Aboriginal Arts & Stories is a program of Historica Canada, a non-profit organization dedicated to promoting Canadian history and heritage.

Sunday, June 29, 2014

Help identify this Victorian-era "open book and star" tombstone symbol

I love old cemeteries, and always enjoy poking around the older sections, reading the epitaphs and admiring the artistry of the old grave markers. I was exploring the United Church graveyard in Cupids, Newfoundland yesterday, and came across a tombstone symbol that I am unfamiliar with.

The tombstone features an open book with star motif, and dates from 1881. It marks the burial spot and final resting place of one Lorenzo Taylor, age 22. It is a paired tombstone, with two inscriptions, the partner inscription bearing the more familiar handshake motif.

Books are a common theme on gravestones from the period, and the symbolism of the book can represent many things. A book may represent a person's good deeds and accomplishments being recorded in the Book of Life, or perfect knowledge, or it may be a more literal representation of the Bible.

Often used on the gravestones of ministers or clergymen, a book is a fairly common symbol found on gravestones of very devoted religious people. In the Cupids UC Cemetery, there are numerous examples of book motifs, many of them featuring the same double page spread as the Taylor grave.

Stars, as well, have many possible meanings. A five-pointed star can represent, variously, the Star of Bethlehem, the Epiphany, the star of Jesse or Jacob, and/or heavenly wisdom. Stars can symbolize heaven, the spirit, or the spirit rising to heaven. One list of motifs states the stars can represent “piercing the darkness as an expression of their triumph against the overwhelming odds of oblivion.”

What is less clear is what a star on a book means. Was it simply a stone carver’s blending of two unrelated religious symbols, and then picked out of a pattern book by the purchaser? Or does it represent something specific?

Let me know your thoughts, ideas, and theories! You can comment below, or email me at

Wednesday, May 1, 2013

Hi Ho Silver! Stories with metalworkers tonight at The Rooms

Tonight, Wednesday, May 1st, at 7pm, join the Heritage Foundation of Newfoundland and Labrador (HFNL) at The Rooms Theatre for “Talking Shop: Metalworking.”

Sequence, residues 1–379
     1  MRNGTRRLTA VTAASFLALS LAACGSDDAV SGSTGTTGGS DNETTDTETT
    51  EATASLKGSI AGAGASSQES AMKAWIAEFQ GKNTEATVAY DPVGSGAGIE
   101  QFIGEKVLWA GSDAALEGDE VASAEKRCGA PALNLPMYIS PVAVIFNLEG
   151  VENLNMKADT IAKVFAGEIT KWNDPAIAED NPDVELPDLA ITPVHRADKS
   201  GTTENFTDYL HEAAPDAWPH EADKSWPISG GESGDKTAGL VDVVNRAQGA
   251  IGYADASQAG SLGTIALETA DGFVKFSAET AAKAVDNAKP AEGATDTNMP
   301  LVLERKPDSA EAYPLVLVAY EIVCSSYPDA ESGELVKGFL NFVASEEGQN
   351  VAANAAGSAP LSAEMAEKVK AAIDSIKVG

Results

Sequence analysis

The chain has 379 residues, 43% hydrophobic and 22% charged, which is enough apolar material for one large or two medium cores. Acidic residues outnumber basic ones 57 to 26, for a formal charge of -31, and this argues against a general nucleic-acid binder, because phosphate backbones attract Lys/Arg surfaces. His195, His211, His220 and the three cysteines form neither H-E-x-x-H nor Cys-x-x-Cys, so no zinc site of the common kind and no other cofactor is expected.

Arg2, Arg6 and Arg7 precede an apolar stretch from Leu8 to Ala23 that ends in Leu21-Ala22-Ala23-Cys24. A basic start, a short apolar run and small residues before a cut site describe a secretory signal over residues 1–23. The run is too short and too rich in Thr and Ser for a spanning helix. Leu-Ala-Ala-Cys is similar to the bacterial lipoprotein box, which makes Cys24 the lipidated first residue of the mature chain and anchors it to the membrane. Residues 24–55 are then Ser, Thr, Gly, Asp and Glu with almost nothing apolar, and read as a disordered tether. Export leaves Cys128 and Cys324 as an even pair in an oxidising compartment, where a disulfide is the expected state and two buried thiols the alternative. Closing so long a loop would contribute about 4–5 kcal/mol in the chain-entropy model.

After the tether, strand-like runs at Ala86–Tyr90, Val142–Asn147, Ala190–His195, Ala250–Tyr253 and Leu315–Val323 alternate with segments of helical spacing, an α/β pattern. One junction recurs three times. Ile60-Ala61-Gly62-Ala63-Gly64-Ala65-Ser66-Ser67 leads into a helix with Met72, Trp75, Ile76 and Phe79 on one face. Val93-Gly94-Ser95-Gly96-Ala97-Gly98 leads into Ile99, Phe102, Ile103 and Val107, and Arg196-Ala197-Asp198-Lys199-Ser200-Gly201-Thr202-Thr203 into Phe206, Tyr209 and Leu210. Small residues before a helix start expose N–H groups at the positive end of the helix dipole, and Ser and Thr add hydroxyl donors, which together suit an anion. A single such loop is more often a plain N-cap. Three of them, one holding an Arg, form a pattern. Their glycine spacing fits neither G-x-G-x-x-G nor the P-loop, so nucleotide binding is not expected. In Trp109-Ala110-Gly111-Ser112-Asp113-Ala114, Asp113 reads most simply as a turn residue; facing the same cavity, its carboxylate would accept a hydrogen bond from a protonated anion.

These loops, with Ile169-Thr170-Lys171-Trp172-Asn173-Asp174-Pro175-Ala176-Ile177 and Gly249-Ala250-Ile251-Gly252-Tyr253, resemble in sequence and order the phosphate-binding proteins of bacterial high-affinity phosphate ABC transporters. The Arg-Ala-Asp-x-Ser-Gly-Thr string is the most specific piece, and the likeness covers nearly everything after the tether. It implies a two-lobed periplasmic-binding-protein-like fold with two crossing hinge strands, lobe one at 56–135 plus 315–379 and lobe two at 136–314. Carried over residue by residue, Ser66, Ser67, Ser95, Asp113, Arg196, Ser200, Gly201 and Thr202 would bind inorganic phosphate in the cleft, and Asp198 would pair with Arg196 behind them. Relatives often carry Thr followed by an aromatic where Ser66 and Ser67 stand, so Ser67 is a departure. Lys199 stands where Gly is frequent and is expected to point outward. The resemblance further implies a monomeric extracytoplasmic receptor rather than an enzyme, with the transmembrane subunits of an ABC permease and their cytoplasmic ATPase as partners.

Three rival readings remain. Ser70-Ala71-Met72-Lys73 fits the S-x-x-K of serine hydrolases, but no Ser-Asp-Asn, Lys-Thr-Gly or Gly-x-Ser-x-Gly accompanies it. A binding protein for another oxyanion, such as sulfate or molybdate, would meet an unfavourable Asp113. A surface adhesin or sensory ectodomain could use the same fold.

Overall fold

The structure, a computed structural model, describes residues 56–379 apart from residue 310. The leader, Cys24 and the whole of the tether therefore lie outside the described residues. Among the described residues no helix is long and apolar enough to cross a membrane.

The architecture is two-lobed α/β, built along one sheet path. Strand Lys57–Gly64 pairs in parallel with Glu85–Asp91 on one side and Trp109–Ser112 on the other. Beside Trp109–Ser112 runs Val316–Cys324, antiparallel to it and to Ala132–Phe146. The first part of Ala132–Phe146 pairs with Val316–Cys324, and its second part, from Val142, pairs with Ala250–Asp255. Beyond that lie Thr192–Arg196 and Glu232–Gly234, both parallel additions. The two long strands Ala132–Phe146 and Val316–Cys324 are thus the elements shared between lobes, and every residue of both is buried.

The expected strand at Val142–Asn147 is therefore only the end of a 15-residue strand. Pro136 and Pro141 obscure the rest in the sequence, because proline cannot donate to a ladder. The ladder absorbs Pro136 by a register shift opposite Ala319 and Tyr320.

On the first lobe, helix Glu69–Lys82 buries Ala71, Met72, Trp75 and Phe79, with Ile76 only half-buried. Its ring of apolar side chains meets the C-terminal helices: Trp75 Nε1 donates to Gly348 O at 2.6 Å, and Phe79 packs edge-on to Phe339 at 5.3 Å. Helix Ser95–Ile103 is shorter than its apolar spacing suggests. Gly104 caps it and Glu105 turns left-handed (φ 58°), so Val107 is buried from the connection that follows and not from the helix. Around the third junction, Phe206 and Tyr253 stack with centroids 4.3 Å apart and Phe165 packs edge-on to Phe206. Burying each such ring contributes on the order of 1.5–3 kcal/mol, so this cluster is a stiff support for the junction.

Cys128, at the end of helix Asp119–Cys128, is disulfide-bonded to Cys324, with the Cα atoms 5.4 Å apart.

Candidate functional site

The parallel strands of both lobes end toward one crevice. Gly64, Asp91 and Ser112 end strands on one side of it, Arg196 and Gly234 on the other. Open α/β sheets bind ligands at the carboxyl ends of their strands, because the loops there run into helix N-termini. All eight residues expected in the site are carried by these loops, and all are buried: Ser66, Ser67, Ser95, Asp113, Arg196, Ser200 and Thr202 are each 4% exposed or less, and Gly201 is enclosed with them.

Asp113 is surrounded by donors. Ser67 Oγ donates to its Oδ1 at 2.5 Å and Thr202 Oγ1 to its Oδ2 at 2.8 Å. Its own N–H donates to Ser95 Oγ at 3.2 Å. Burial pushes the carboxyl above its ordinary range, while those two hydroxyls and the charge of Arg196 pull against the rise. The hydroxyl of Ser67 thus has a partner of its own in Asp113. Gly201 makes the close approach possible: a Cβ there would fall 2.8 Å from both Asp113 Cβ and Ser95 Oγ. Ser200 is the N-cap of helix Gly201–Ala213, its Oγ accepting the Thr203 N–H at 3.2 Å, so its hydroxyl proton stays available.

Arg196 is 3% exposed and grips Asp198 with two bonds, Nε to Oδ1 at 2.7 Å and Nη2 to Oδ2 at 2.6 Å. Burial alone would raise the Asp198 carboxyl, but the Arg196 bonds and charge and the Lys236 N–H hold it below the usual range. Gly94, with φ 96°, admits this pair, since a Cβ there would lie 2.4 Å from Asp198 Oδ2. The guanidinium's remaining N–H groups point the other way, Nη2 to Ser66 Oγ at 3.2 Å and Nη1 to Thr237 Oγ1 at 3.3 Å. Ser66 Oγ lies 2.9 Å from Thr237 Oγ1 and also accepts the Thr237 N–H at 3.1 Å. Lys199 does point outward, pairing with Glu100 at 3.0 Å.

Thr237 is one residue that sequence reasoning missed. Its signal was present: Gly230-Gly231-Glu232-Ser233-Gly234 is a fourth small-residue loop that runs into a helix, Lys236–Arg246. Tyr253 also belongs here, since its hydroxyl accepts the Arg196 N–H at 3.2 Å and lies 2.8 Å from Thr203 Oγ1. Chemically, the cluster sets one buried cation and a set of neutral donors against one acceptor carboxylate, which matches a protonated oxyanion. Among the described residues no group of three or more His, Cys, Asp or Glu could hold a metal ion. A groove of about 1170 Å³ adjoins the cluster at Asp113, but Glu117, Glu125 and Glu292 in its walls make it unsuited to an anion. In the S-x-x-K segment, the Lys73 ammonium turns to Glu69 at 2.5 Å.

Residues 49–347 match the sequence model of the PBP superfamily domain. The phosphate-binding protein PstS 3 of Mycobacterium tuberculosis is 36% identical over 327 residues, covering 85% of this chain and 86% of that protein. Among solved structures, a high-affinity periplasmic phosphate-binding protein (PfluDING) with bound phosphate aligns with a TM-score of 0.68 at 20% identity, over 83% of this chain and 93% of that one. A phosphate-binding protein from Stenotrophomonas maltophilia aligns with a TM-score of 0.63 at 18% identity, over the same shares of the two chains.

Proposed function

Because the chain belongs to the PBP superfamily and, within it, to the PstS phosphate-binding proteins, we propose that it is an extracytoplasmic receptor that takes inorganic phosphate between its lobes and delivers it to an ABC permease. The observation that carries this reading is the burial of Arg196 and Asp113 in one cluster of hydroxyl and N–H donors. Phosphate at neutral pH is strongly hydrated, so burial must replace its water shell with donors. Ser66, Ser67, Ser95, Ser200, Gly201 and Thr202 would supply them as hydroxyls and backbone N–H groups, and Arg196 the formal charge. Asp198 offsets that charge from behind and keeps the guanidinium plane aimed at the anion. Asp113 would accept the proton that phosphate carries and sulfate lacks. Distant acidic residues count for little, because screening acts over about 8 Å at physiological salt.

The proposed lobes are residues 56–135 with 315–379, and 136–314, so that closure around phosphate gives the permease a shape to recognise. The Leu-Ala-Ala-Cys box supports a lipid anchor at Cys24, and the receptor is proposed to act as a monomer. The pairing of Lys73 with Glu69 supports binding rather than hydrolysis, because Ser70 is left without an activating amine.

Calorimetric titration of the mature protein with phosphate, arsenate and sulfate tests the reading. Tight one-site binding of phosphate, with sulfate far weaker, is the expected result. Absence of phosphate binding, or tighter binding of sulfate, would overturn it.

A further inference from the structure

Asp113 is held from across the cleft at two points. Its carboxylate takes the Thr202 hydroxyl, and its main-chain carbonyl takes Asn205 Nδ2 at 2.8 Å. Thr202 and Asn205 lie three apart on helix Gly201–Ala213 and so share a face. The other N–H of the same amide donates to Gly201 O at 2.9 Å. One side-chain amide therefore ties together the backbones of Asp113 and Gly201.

To highlight The Room’s new exhibit Silver: a Noble Metal, this Engaging Evening will explore the craft of metalworking. Folklorist Dale Jarvis will host Don Beaubier, Susan Lee Stephen, and Jason Holley, three local artists who work with metal, and who will join us to talk about their experience creating their pieces of art with silver and other metals.

The presentation is organized to coincide with a recent Rooms exhibit, “Silver: A Noble Metal.” In chemistry, silver is considered a noble metal; it is resistant to corrosion and oxidation and is considered precious due to its rarity in the Earth’s crust. From silverware to jewelry, pocket watches and trophies, silver was once mined and worked right here in Newfoundland.

Silver has been a status symbol for centuries, its artisans creating functional works of art but also paying attention to styles and trends. It has also been considered a great reward and is given as an award to important dignitaries, athletes and heroes on the battlefield.  The exhibition examines silver (sterling and plate), its uses and markings and its production within the province.

Photos courtesy Susan Lee Studios.

Tuesday, April 30, 2013

Tuesday's Folklore Photo: Woodcarvings by Kevin Coates

Kevin Coates is a talented local artist who draws inspiration from traditional Newfoundland industries for the subject matter of his work. Coates, who is self-taught, picked up caricature carving about 15 years ago after reading about it in a magazine. He had been looking for a new hobby and this style of wood carving peaked his interest. Much like caricature drawings, these carvings exaggerate the peculiar features of a person or object. Coates, who grew up and still resides in Winterton, is inspired by the fishery and the majority of his carvings reflect this.

When you first see a Kevin Coates carving your eye is immediately drawn to the face, which he works on for about a third of the time it takes to complete the rest of the carving. When asked where he gets inspiration for the faces, Coates replied, “it’s something about someone I remember, especially from back when I was a kid. We spent a lot of time down by the wharf, at this and that, with the fishermen and the old fellows.”

Coates mostly uses pine or fir along with several different tools to carve his pieces. Interestingly though, Coates' favorite tool is a modified right-handed filleting knife, or splitting knife, that he cut down to about five or six inches. As Coates describes, "where I'm left-handed and it's a right-handed splitting knife the turn is perfect for me."

For more information on Kevin Coates and his carvings, check out the Craft Council of Newfoundland and Labrador.

Researched and written by: Nicole Penney

Works Cited:
Penney, Nicole. Interview with Kevin Coates on the Subject of Wood Carving. Recorded April 26, 2013